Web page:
Planting for Pollinators – In Your Backyard and Beyond

Loss of habitat is one of the biggest issues contributing to the decline of pollinators. With the loss of prairies, forests, and other natural areas to development and agricultural use, pollinators are having a harder time finding the resources they need.

While a backyard butterfly garden will never be a substitute for acres of prairie, even small-scale gardens, thoughtfully planted and protected from pesticides, scattered amongst homes and businesses, can add up to meaningful habitat. While it may seem contrary to commonly held beliefs, recent research suggests that pollinators do better in urban environments, where they are protected from the types of pesticides and monocultures that degrade habitat in agricultural areas.

If each of these homes included just a small area of pesticide free flowers – it would add up to acres of habitat. The area in the upper left would make for a nice park that could include trees and shrubs to provide native host plants for butterflies. Photo by Sam Beebe/Ecotrust [CC BY-SA 3.0 ]

Perhaps you have a corner of your yard planted with wildflowers, but otherwise live amongst a sea of lawn. Maybe you have a small yard, or no yard at all. It’s time to get creative about where to plant for pollinators.

In Your Neighborhood

You might be crazy for coneflower and bonkers for black-eyed susan, but your neighbors may love their lawn. Convincing them to enrich even a small amount of their landscape with pollinator plantings can have a sizeable impact. You can perhaps woo them with “gifts” from your garden in the form of divisions, or collect seed in fall and start some “baby” plants for their yard.

Taking it one step further, you may be able to engage with your homeowner or neighborhood association to find like-minded individuals who are willing to add to the community pollinator patchwork.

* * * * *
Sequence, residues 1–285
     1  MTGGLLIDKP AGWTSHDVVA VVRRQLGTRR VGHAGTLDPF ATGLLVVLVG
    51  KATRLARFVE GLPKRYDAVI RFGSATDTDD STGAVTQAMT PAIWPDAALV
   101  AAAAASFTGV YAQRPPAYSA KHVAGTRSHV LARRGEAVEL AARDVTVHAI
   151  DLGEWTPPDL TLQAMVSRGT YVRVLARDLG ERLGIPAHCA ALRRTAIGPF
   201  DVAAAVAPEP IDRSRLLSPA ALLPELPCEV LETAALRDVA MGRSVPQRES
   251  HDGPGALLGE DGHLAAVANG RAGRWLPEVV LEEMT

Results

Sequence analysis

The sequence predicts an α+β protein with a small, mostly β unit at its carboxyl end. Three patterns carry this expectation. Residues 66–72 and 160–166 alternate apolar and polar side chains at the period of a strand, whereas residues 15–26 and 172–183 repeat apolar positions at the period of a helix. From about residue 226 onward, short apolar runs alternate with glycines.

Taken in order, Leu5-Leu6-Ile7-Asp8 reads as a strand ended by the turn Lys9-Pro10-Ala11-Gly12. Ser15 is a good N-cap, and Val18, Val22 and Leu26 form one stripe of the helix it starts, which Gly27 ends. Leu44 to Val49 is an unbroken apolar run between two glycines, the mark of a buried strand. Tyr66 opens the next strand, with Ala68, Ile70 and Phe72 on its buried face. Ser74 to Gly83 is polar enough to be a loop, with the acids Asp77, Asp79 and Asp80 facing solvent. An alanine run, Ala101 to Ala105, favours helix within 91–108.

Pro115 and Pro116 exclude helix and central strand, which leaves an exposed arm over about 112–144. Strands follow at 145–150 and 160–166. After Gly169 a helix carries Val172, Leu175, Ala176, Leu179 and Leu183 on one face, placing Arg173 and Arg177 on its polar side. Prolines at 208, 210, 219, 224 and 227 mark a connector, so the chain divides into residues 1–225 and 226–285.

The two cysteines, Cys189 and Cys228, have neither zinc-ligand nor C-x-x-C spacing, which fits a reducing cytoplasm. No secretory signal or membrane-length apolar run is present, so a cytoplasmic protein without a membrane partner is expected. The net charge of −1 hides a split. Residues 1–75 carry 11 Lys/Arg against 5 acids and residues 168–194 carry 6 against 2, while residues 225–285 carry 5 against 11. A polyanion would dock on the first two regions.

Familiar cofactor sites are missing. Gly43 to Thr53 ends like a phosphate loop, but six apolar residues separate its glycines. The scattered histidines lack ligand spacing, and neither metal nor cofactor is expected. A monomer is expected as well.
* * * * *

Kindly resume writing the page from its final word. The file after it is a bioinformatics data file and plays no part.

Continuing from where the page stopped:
Mail-order nurseries often offer discounts on plants when buying in bulk or purchasing full flats of single species. Consider starting a native plant buyer’s club where you can meet with neighbors to ooh and aah over plant catalogs, placing a single order, sharing the shipping costs, and divvying up the plants.

Thinking Beyond the Backyard

This curbside planting of lavender is a bonanza for bees. Photo by Justin Wheeler

In many areas, the strip of lawn between the sidewalk and the street—sometimes referred to as the “hellstrip”—may be an unexplored or perhaps the only place to garden. In many parts of the country a movement is growing to use these spaces to plant for pollinators, linking areas of habitat in the community.

Other areas of unexplored potential may include parking medians, municipal properties, public planters, or areas in front of post offices – all of which need maintaining. Frequently, local volunteers or land stewardship groups come together to manage these spaces. In State College, PA for example, members of the Western Pennsylvania Conservancy maintain plantings in a garden bed along a busy roadside while volunteers can sign-up with the city to maintain rain gardens and street plantings. Both present opportunities for advocating for pollinator friendly plantings in public spaces.

Spaces that you may not think of as habitat such as scruffy undeveloped lots, disturbed spaces between buildings, and areas along roadsides, may often be vital to protecting pollinators in the urban landscape. While these spaces may seem void of any resources, aggressive native and non-native plant species are often first to move into these spaces, thriving in tiny cracks and compacted soils. These “weeds” often provide valuable sources of pollen and nectar. It’s also important to note that 70% of native bee species are ground nesting, tunnelling into bare earth like ants. In our overly manicured urban and suburban landscapes, where every inch of land may be covered in lawn or mulch, paved or painted – undeveloped or disturbed land may provide the best, and sometimes only access to bare ground. Protecting these spaces from pesticide use and clearing trash and debris can help maintain these habitats while beautifying the neighborhood.

As we carve up the landscape with roads, parking lots, housing and lawns – habitat becomes fragmented. Bees, butterflies, and other pollinators don’t need large patches to live in, and the fact that they can fly means they can move easily from one patch to another. Filling in the gaps throughout the urban and suburban landscape can sustain this biodiversity, and create corridors back to nature.

By Justin Wheeler, Web and Communications Specialist

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